Of course Park Jr. did have the excuse of having been dead for almost 88 years.
What does it say about the modern professional and the World Golf Hall of Fame that living Hall iductees can't be bothered to attend the ceremony? Or that more active caddies turned up than players? Sources present who emailed their annoyance or Tweeted about the ceremnony revealed that there were eight hall members at Monday night's ceremony. None were hall member/players of the Male-American variety.
Ponte Vedra resident Vijay Singh was no doubt licking his wounds and was too sore to attend after not getting penalized for violating PGA Tour doping policy.
Garry Smits reports on a ceremony that included an emotional speech by Fred Couples and a predictably silly statement by PGA Tour Commissioner Tim Finchem, who, by spearheading inductions of George Bush and Ken Schofield while overlooking worthier players, is in danger of making the Hall a Ponte Vedra Cronyfest.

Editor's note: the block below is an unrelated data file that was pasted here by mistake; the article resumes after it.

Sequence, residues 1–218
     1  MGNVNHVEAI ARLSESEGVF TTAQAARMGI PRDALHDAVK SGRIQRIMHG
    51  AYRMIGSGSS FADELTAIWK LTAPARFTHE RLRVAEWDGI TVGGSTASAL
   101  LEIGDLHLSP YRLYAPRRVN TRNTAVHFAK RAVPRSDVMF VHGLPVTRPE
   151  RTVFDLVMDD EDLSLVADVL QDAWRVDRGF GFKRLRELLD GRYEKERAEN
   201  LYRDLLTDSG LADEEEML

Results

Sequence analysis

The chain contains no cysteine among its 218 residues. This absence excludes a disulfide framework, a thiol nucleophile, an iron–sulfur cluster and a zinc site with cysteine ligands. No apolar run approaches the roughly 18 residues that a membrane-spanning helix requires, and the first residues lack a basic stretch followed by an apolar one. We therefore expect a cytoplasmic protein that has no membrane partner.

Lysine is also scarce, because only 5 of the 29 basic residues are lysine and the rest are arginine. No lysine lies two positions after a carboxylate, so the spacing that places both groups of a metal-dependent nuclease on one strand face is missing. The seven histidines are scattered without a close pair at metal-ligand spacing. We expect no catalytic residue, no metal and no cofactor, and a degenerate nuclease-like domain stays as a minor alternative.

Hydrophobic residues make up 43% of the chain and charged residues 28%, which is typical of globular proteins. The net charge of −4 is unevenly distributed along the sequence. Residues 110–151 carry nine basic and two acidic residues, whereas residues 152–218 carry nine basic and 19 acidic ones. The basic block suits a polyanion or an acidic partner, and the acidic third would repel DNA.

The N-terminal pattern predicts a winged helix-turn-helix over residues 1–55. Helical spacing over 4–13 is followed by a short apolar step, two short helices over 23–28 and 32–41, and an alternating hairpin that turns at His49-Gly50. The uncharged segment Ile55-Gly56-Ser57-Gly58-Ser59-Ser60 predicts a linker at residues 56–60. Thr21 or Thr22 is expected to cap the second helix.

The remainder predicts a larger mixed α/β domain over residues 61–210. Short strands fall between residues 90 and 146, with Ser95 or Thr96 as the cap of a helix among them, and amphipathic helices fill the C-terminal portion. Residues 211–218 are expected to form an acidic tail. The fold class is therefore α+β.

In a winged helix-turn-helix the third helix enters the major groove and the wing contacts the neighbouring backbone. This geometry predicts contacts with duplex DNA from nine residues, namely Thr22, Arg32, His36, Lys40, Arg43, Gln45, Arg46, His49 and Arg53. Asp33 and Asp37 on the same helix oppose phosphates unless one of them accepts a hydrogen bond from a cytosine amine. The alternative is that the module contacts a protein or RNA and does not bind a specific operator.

Couples called the PGA Tour “my playground for 33 years.”
PGA Tour commissioner Tim Finchem said that Couples’ popularity, which began when he won the 1984 Players Championship at the age of 25, “changed the game.”
“Only a few players move the needle,” Finchem said. “We owe him a debt of gratitude.”
Nantz became especially emotional about Venturi, who was unable to travel to St. Augustine because of illness. His sons, Matt and Tim Venturi, accepted the induction and crystal trophy for him.
“I loved Ken Venturi, a friend and a mentor,” Nantz said of his CBS broadcast partner. “I’m heart-broken he’s not standing here now. Most people know Kenny has been ill for some time. The prognosis is still good. He can get through this.”
The thread of such an evening, as it usually is, is how these special people took small sparks of opportunity and chance and somehow wove such a great game into the fabric of their lives. How golf, somehow, jumped into their life’s path and they made the most of it. Certainly, some are more easily found by this game than others. Park Jr., for instance, was part of a significant golf family from Musselburgh, Scotland, one that took on Old and Young Tom Morris and boasted three family members who would capture the Open Championship. (Willie Jr. would win the Open in 1887 and '89).